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I have just recently started to work with LPC2148 ARM processor.

I am trying to understand some assembly code regarding the creation of the interrupts vector.

here is the code:

// Runtime Interrupt Vectors
// -------------------------
Vectors:
        b     _start                    // reset - _start
        ldr   pc,_undf                  // undefined - _undf
        ldr   pc,_swi                   // SWI - _swi
        ldr   pc,_pabt                  // program abort - _pabt
        ldr   pc,_dabt                  // data abort - _dabt
        nop                             // reserved
        ldr   pc,[pc,#-0xFF0]           // IRQ - read the VIC
        ldr   pc,_fiq                   // FIQ - _fiq

#if 0
// Use this group for production
_undf:  .word _reset                    // undefined - _reset
_swi:   .word _reset                    // SWI - _reset
_pabt:  .word _reset                    // program abort - _reset
_dabt:  .word _reset                    // data abort - _reset
_irq:   .word _reset                    // IRQ - _reset
_fiq:   .word _reset                    // FIQ - _reset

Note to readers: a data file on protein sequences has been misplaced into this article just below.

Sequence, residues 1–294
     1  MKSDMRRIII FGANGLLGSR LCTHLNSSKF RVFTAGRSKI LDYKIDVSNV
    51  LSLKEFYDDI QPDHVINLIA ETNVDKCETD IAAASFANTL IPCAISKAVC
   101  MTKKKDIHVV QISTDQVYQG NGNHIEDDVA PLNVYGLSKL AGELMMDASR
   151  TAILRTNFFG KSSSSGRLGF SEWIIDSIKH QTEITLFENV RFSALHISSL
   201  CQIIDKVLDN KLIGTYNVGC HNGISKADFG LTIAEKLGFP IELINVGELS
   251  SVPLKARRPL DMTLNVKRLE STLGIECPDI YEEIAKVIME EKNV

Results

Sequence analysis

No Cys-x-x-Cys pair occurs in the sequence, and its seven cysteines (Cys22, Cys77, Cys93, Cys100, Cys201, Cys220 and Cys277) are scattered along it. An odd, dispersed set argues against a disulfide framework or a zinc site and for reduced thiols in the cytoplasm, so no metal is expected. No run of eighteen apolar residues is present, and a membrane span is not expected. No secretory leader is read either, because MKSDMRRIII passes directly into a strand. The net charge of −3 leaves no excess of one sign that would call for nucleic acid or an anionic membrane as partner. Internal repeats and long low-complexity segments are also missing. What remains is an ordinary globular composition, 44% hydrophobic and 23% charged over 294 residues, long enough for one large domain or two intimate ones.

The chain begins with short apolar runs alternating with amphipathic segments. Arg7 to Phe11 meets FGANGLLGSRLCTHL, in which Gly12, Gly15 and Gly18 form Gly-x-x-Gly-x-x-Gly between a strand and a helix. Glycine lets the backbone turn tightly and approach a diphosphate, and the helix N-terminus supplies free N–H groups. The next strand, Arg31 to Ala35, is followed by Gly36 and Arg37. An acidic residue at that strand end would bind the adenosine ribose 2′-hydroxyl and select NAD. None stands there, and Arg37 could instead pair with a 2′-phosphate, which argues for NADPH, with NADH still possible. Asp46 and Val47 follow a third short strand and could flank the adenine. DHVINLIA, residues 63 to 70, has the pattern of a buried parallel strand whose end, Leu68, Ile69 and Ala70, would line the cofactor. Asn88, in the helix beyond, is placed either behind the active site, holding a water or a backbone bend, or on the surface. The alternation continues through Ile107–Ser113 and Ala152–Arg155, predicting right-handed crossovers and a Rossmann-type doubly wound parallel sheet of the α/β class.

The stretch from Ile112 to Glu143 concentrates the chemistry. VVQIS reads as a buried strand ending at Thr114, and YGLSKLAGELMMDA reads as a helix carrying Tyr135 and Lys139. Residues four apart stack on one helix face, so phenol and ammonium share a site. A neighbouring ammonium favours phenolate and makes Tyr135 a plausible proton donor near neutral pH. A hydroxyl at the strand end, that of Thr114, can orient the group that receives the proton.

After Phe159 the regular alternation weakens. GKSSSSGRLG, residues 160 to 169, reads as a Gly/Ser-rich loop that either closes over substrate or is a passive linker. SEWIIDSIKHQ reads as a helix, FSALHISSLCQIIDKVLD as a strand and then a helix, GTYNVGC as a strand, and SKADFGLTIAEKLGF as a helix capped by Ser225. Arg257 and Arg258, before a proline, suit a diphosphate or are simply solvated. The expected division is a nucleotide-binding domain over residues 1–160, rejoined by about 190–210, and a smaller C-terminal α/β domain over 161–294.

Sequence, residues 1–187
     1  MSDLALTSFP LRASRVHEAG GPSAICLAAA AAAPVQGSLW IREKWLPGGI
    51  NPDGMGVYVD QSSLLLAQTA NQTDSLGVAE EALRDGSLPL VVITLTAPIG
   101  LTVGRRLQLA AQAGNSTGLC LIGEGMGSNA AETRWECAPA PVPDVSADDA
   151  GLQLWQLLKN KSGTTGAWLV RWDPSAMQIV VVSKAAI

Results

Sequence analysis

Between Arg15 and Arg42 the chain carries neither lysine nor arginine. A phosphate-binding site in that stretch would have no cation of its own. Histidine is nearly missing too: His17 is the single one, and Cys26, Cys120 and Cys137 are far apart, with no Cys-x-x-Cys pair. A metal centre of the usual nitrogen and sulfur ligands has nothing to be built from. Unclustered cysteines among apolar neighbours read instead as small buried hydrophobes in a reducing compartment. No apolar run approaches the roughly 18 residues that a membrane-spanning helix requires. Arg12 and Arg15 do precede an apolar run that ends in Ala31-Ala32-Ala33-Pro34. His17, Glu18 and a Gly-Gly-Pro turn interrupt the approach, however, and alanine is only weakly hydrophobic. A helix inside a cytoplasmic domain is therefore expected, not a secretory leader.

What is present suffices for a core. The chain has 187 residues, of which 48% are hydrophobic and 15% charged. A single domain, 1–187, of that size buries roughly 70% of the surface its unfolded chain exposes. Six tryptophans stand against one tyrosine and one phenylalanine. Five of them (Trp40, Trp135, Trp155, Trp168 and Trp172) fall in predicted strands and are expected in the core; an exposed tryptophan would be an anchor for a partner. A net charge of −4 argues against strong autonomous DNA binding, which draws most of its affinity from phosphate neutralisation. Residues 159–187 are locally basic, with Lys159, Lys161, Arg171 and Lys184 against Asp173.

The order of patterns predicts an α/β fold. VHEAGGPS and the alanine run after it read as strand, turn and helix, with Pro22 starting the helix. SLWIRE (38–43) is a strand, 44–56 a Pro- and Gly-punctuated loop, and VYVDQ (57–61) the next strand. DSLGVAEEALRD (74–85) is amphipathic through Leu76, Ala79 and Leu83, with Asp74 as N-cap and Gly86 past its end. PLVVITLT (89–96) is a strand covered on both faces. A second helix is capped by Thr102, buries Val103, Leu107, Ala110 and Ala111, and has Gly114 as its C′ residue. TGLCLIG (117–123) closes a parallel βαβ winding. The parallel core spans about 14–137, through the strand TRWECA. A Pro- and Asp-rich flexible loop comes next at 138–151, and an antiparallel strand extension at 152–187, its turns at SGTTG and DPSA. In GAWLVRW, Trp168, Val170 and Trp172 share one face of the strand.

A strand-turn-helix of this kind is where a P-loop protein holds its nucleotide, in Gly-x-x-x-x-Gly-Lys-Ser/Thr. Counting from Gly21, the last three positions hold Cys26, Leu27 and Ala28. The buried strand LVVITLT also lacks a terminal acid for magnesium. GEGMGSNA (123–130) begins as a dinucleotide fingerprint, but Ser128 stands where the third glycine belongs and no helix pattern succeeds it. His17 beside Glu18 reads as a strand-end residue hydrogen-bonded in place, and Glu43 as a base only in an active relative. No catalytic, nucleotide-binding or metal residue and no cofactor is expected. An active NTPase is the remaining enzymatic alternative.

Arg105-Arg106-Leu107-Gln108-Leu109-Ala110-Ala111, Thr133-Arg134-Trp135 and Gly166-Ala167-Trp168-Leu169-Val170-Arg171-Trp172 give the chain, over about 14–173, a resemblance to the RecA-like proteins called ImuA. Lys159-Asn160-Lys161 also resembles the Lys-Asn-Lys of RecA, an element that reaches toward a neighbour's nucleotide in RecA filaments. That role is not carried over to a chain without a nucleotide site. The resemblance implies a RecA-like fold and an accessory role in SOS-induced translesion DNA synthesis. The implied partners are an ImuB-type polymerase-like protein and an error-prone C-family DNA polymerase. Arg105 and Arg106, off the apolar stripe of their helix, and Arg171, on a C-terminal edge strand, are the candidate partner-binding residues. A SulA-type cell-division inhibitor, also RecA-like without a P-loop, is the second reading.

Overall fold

#else
// Use this group for development
_undf:  .word __undf                    // undefined
_swi:   .word __swi                     // SWI
_pabt:  .word __pabt                    // program abort
_dabt:  .word __dabt                    // data abort
_irq:   .word __irq                     // IRQ
_fiq:   .word __fiq                     // FIQ

__undf: b     .                         // undefined
__swi:  b     .                         // SWI
__pabt: b     .                         // program abort
__dabt: b     .                         // data abort
__irq:  b     .                         // IRQ
__fiq:  b     .                         // FIQ
#endif
        .size _boot, . - _boot
        .endfunc

I dont understand what is going on here at all. If someone could explain to me the process, especially how the ldr instruction is used here, i would appreciate it.

Tal

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3 Answers 3

up vote 7 down vote accepted

I'm going to remove the conditional code, since it just complicates things:

// Runtime Interrupt Vectors
// -------------------------
Vectors:
        b     _start                    // reset - _start
        ldr   pc,_undf                  // undefined - _undf
        ldr   pc,_swi                   // SWI - _swi
        ldr   pc,_pabt                  // program abort - _pabt